|Imaginary...! (by forestgum, Jul 19th, 2007)
I'm sure you won't know the colour of 'waiting'...so just imagine and you can feel it.
|Exciting (by nautin, Jul 11th, 2007)
It is so soft and warm.
|Which one ? (by kitty, Jul 10th, 2007)
I can't imagine to the color. Somebody suggest me, plz. Ah, the sound is so good.
|Color of "Waiting" (by billyoung, Jul 8th, 2007)
Can you tell me what the color is???
|Sounds great (by Anima Mia, Feb 7th, 2007)
I like it a lot.
|good for waiting, sometimes (by Chase Smith, Jan 30th, 2007)
I dont feel the time is so slow anymore, even when I have to wait for you in hours, ;-)
Ringtones: How Much Is Too Much?
By VICTORIA SHANNON
PARIS, Jan. 30 - First, there was the ring tone, a chirpy little customized
chime for the cellphone. Now, there are master tones, real tones, true tones,
ringbacks, video tones and voice tones.
Billboard even has a top 20 ring-tones chart. A division of Lagardère, the
French publisher, is pitching itself as the first record label for ring tones.
Kazaa, the file-sharing network, has a dedicated Ringtone Channel.
Is there no end to the ways people can personalize their cellphones and how much
they will pay for the privilege?
Apparently not yet. The sounds of a cellphone ringing and cash register chiming
might as well be the same these days. An estimated $4 billion of 30-second tones
and other melodies for mobile phones was sold last year, according to Consect,
the New York-based mobile consulting and analysis company that prepares
Billboard's weekly chart.
Most of that was in Europe, with $1.5 billion in ring-tone revenue, the company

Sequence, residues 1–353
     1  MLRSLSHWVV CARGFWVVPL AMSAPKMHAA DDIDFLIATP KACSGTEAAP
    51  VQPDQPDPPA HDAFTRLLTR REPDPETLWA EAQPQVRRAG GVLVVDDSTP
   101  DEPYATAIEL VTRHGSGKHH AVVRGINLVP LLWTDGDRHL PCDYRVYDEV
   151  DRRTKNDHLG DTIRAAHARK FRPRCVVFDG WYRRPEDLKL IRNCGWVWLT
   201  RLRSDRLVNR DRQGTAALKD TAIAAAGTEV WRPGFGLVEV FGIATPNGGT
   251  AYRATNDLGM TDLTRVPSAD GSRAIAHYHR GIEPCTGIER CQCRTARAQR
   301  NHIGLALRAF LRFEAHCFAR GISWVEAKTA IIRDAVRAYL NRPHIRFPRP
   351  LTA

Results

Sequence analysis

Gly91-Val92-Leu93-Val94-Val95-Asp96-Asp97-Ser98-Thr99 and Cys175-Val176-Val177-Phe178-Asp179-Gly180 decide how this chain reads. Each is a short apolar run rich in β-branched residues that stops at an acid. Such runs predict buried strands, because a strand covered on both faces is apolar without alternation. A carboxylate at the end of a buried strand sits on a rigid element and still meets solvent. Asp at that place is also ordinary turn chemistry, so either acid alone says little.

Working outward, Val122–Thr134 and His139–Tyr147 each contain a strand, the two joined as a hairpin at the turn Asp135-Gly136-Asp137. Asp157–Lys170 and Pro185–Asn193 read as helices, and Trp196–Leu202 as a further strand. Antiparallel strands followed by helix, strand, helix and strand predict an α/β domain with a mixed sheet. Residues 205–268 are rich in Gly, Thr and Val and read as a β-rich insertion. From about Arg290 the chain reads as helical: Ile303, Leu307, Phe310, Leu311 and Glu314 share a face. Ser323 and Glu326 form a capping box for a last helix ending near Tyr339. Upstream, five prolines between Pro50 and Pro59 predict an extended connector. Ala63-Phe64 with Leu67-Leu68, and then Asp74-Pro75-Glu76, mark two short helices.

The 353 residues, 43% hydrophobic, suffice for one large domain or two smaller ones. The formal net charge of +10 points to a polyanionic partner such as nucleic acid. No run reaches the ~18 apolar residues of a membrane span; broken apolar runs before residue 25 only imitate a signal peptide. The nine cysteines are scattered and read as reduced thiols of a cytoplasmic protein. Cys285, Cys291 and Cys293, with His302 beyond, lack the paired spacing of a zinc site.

estimated, and only $300 million came from the United States, with most of the
rest from Asia. Still, the United States figure was double that of 2003.
The numbers are high because the price per tone is high, relatively speaking:
while you can buy a CD of a dozen or so tracks for under 20 euros, or $26, and a
single digital song for your computer costs 99 euro cents, a ring-tone snippet
that is a small fraction of the length goes for 2 euros and up. Meanwhile, an
entire song downloaded to your mobile phone only costs about 2 euros.
As the target audience for ring tones is the under-25 set, this is bound to give
any bill-paying parent a case of sticker shock. And indications in the industry
are that those prices will stay high or increase, rather than go the other way.
As with other parts of the music world today, it is all about dividing royalty
payments among those who had a hand in putting the music together.
With a typical ring tone, which is a synthesized rendition of a popular piece of
music, the participants are the mobile phone carrier, the owner of the song's
publishing rights and perhaps a middleman, like Zingy or Moviso, that brings
Now, with the advance of tones that are genuine clips from a commercial hit,
performed by the original musicians, there is another party entitled to part of
the ring-tone payment: the record label, which owns a song's performance rights.
Already, so-called master ring tones, also called true tones or real tones, are
commanding prices of 3.50 pounds, or $6.60, on O2 in Britain, for instance.
The Lagardère unit, called BlingTones, is selling its original hip-hop tones for
$2.49 each through four wireless carriers in the United States.
"Ringbacks" - tones that play while you are waiting for someone to answer the
mobile phone - are retailing for 1 euro to 3 euros plus a monthly charge. Voice
tones - with celebrities or impersonators announcing a phone call - are
similarly priced. And the video versions of music and voice tones are not
expected to be any cheaper.
A few skeptics within the industry have asked whether ring tones are a fad, a
bubble that will soon burst. But they are in the minority. Most other people say
that ring tones, like text messaging by cellphone, are a lasting part of the
It is this assumption that is spurring companies like Consect to forecast an $8
billion global ring tone industry within a few years.